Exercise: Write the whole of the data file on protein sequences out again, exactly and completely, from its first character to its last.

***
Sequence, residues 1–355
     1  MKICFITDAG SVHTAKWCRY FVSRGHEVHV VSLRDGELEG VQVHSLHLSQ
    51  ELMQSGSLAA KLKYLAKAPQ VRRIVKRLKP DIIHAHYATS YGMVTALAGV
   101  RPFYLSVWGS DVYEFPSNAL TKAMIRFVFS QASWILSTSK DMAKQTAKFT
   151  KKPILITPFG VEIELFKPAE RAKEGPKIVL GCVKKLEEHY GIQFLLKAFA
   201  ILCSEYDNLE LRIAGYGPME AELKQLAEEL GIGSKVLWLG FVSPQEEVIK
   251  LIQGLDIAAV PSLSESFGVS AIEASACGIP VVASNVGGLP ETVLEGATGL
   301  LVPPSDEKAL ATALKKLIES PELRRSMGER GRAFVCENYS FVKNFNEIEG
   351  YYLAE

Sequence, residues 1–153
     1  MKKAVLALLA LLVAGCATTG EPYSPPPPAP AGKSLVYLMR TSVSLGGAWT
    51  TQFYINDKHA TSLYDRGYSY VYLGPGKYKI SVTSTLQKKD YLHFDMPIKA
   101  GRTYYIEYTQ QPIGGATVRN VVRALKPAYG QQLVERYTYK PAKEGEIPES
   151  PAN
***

Sequence, residues 1–355
     1  MKICFITDAG SVHTAKWCRY FVSRGHEVHV VSLRDGELEG VQVHSLHLSQ
    51  ELMQSGSLAA KLKYLAKAPQ VRRIVKRLKP DIIHAHYATS YGMVTALAGV
   101  RPFYLSVWGS DVYEFPSNAL TKAMIRFVFS QASWILSTSK DMAKQTAKFT
   151  KKPILITPFG VEIELFKPAE RAKEGPKIVL GCVKKLEEHY GIQFLLKAFA
   201  ILCSEYDNLE LRIAGYGPME AELKQLAEEL GIGSKVLWLG FVSPQEEVIK
   251  LIQGLDIAAV PSLSESFGVS AIEASACGIP VVASNVGGLP ETVLEGATGL
   301  LVPPSDEKAL ATALKKLIES PELRRSMGER GRAFVCENYS FVKNFNEIEG
   351  YYLAE

Sequence, residues 1–153
     1  MKKAVLALLA LLVAGCATTG EPYSPPPPAP AGKSLVYLMR TSVSLGGAWT
    51  TQFYINDKHA TSLYDRGYSY VYLGPGKYKI SVTSTLQKKD YLHFDMPIKA
   101  GRTYYIEYTQ QPIGGATVRN VVRALKPAYG QQLVERYTYK PAKEGEIPES
   151  PAN